We use it everyday paying for our bus or train ride, parking, merchandise at groceries or convenience shops, fastfood outlets, building passes, school attendances or vending machines.
But maybe we don’t know much about why it is called Octopus card. We’ll try to dig deeper into history and transcend into another language.
Octopus card is also known as baat tat tung (八達通) in Cantonese which means “eight-arrived pass” though “go everywhere pass” is a more accepted meaning.
The name was adopted after a 1996 naming competition conducted by the MTR, which manages part of Hong Kong’s subway system at the time (in 2006 MTR merged with the Kowloon-Canton Railway Corporation into a collective MTR railway system).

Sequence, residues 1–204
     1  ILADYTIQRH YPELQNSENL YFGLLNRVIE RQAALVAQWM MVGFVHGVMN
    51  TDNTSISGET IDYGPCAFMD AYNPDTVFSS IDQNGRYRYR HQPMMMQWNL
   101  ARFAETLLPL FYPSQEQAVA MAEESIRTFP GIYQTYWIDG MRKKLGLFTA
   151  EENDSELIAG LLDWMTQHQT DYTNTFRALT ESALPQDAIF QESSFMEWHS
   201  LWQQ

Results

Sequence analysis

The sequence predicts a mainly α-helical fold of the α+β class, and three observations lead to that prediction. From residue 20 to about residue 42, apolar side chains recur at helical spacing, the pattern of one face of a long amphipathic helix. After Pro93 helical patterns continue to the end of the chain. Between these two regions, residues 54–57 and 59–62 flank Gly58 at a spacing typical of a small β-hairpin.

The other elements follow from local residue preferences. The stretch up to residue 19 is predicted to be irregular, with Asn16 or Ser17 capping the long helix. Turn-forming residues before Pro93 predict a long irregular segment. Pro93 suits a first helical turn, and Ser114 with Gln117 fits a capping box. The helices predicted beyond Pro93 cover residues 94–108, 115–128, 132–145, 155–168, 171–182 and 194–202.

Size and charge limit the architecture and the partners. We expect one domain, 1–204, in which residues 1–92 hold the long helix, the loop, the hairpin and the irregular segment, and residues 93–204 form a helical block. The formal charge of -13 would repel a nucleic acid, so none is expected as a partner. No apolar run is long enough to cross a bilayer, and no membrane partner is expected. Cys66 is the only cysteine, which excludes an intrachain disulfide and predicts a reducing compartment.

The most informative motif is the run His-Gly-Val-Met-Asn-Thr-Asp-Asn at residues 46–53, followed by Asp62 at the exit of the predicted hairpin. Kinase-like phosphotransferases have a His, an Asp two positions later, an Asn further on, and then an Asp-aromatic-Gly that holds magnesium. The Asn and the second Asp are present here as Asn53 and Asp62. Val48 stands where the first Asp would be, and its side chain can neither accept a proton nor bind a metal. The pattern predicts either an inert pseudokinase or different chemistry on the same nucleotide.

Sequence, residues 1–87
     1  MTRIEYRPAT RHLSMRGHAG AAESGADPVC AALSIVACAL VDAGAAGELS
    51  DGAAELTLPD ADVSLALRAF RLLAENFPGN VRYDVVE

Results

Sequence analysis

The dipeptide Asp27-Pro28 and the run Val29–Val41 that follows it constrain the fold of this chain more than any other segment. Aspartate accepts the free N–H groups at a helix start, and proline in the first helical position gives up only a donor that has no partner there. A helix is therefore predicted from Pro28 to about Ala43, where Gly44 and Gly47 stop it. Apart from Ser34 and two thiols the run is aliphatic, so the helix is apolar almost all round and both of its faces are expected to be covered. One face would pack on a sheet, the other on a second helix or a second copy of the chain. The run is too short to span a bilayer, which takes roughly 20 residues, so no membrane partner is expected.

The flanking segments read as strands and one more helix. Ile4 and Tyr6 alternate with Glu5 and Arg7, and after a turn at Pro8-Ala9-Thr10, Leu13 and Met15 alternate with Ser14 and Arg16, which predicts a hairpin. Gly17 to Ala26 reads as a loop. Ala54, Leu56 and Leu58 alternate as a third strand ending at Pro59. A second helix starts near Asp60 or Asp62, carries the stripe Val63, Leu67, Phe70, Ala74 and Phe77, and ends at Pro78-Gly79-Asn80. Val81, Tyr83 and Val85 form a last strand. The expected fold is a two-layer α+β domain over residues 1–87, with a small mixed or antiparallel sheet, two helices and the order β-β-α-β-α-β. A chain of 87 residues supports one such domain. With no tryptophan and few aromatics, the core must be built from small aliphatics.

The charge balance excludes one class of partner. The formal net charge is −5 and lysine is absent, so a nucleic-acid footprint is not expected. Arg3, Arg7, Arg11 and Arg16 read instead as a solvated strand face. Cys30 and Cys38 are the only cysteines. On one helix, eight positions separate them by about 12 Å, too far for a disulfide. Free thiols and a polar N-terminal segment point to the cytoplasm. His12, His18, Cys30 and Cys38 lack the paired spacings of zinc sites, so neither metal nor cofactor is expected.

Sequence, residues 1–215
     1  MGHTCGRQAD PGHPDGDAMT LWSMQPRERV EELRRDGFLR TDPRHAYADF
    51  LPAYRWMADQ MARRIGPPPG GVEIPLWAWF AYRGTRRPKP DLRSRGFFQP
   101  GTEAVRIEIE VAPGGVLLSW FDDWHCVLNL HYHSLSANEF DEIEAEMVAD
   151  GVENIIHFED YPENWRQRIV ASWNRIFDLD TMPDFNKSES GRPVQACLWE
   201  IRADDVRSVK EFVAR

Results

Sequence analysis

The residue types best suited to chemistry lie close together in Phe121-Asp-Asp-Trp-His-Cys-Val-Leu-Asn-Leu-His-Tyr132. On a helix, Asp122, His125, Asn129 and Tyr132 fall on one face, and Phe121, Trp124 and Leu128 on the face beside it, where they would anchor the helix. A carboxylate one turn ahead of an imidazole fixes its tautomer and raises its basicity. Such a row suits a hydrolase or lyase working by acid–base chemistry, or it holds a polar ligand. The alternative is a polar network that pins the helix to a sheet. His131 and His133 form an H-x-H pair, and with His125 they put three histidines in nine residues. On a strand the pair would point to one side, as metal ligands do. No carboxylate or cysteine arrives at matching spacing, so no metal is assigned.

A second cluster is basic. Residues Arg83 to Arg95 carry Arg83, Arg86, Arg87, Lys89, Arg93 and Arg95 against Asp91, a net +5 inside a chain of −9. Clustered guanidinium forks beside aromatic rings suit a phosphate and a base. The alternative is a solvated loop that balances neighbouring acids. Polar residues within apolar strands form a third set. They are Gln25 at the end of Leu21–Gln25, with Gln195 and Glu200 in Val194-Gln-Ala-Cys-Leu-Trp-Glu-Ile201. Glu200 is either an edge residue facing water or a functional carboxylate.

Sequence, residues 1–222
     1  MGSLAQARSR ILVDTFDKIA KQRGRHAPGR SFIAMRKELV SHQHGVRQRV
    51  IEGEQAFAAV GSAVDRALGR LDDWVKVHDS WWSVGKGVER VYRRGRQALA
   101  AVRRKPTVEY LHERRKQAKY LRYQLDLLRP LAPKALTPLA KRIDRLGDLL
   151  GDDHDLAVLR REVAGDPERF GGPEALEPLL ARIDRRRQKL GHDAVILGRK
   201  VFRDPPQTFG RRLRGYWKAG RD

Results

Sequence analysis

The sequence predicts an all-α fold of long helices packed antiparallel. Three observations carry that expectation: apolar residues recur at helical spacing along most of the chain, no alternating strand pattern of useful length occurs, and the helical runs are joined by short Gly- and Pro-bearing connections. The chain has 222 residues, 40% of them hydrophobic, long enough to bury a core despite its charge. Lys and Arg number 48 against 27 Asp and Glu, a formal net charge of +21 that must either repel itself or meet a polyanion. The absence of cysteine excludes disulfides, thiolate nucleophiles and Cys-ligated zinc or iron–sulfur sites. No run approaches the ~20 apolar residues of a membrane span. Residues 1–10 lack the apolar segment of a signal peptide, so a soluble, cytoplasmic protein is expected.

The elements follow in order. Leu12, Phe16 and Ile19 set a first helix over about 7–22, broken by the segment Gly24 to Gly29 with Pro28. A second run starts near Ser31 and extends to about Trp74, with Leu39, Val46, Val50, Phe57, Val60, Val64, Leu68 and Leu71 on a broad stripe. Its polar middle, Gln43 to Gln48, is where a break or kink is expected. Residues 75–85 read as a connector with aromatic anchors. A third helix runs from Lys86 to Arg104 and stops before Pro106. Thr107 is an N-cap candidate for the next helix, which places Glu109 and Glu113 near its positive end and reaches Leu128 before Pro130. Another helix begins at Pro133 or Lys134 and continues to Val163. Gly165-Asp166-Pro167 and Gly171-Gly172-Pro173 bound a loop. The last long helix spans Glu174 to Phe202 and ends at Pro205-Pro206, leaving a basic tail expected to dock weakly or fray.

The first character number eight (八) refers to the cardinal and ordinal directions, and, according to Wikipedia, the four-character idiom sei tùng baat daaht (四通八達), is a common expression loosely translated as “reachable in all directions”.
In Chinese culture, the number 8 is considered lucky, and the phrase ‘baat tat’ (八達) can be associated with a similarly-sounding ‘faat tat’ (發達) which means getting wealthy in Cantonese.
The English counterpart, Octopus card, was also selected from the same naming competition since the sea creature coincidentally also has eight tentacles.
Since its inception in 1997, the Octopus card has gone a long way, and earning the reputation as the world’s leading complex automatic fare collection and contactless smartcard payment system.
The Octopus card system currently has more than 20 million cards in circulation, almost three times Hong Kong’s population. It generates around 12 million transactions worth over HK$130 million a day.